In the Data Points survey, it’s basically what we call keeping up with the Joneses. That means that the people who are stressed out and worried about their personal finances are still trying to keep up with the neighbor’s “success”!
What does that look like?
You might buy a new car or house. You might plan an equally expensive vacation.
Then to top it off you probably don’t know how to communicate about finances in a meaningful way with your spouse, which can compound your financial concerns.
Even if we get a new job, our problems may not be resolved if we don’t know how to negotiate salary, deal with open enrollment, or choose employee benefits.
That’s the reason it’s important to open a dialog that will help you make better choices so that you can help yourself.
Everyone wants to succeed in their personal and professional lives.
We all want to have a good day!
Free Money...Or Is It?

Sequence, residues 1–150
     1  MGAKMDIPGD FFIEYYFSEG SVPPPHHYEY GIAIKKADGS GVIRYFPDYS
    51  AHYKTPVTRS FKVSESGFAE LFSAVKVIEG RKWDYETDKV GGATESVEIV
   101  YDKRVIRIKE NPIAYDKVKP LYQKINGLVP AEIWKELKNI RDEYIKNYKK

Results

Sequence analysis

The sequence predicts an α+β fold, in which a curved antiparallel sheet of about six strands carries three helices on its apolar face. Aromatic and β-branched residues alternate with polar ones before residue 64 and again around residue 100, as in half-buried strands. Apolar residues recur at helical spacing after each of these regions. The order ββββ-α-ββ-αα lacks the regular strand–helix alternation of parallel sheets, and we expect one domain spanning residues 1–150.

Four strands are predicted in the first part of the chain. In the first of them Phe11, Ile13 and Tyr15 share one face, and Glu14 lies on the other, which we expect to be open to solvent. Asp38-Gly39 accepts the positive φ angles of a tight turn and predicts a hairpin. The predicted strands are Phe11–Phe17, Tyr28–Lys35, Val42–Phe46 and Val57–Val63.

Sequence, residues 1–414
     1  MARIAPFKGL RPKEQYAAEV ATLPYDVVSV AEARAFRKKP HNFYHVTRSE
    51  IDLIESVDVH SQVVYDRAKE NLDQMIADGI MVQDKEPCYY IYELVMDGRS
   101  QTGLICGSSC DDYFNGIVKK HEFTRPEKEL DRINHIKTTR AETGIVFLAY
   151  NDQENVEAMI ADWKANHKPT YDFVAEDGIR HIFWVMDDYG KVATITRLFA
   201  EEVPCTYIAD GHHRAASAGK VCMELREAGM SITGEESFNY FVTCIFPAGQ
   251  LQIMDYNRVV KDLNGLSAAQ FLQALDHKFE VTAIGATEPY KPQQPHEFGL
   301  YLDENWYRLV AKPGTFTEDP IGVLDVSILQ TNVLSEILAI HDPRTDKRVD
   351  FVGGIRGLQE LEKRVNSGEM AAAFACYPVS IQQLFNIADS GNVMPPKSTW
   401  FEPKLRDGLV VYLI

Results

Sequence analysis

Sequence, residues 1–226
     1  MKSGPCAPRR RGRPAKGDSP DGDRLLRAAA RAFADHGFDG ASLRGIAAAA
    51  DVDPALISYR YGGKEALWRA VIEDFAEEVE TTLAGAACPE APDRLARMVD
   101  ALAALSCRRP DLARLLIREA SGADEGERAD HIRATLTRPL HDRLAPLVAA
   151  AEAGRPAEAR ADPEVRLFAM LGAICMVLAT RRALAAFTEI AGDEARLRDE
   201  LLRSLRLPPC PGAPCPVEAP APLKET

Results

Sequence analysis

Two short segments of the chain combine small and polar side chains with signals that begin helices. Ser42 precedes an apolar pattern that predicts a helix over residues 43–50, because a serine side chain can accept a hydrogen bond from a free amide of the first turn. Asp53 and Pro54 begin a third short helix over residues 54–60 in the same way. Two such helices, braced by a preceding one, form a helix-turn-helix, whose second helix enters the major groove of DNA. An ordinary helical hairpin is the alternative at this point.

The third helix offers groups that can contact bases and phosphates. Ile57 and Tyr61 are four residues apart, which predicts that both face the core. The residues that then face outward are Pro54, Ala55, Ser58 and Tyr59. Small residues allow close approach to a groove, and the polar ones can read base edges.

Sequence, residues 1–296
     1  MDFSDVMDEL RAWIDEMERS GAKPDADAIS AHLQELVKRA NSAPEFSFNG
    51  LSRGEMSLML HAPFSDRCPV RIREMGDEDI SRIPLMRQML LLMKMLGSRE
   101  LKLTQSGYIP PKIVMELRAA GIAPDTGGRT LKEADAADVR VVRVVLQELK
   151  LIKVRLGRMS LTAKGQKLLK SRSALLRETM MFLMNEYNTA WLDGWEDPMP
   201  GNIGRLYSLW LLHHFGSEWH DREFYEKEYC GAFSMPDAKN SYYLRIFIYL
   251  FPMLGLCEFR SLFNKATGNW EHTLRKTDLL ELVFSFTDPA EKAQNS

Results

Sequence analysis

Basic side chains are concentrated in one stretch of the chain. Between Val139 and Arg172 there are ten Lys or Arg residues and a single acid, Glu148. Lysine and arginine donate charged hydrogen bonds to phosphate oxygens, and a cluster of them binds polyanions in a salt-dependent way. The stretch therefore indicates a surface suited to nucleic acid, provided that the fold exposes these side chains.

Do you contribute to your 401k because your company will match with free money?
Let’s take another look!
It turns out that your match isn’t free money.
Mike explained how it really works. He said when you take a job, and the employer offers a 401k and pays a 401k match. That is a part of your negotiated compensation.
He emphasized that it’s not one size fits.
However, in most situations it’s a responsibility to yourself and your future, to contribute at least the maximum that the company will match.
Other Pieces of the Puzzle
Your 401k is just one piece of the puzzle.
What are some of the other ones?
Employee stock purchase plans